Seventeen year old Nivish Chandra, the lead male actor is born in Sydney; his parents being born in Fiji, who migrated to Australia after the coups in Fiji. Nivish’s first language is English and mother tongue is Fiji Baat (talk). He did not receive any formal training in what is know as shuddh (pure) Hindi; what he has learnt of this language is through Bollywood films and Hindi songs. His excellence in memorising his lines written in English and delivering them with confidence of a seasoned actor should alone make us proud as descendants of the girmitiyas. While many children living in the west, and even in India find it hard to speak in Hindi, this teenager has demonstrated that when the opportunity arose, he excelled in the language of his girmitiya ancestors. The accent in which Nivish speaks Hindi adds to the beauty of the diasporic Bollywood film. Nivish’s effort to learn and speak Hindi in his first feature film is exemplary and should act as motivation to millions of youngsters in India and in the Indian diaspora who shy away from Hindi and consider English as superior and impressive.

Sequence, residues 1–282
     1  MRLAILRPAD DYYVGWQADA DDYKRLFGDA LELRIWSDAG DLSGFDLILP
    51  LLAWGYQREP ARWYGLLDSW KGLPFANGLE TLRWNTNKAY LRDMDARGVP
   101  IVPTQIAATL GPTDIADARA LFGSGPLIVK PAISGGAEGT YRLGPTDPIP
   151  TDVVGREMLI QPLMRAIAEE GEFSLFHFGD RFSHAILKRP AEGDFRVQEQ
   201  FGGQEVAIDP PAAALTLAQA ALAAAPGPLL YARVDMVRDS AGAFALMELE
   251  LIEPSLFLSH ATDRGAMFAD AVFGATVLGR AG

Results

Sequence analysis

Writer/Director Satish Rai at the sets

As writer, director and one of the lead actors in VJPATH my formal Hindi education was seven years only several decades ago in Fiji, and my mother tongue being Fiji Baat, with formal language of instruction being English. I migrated to UK in 1980 and hardly spoke any form of Hindi for the next 15 years. I re-learned Fiji Hindi when I migrated to Australia in 1995. In 1997 I wrote my first screenplay in ‘Bollywood Hindi’ and since then have written two more screenplays in Bollywood Hindi; my main language of creative writing since1993 being English.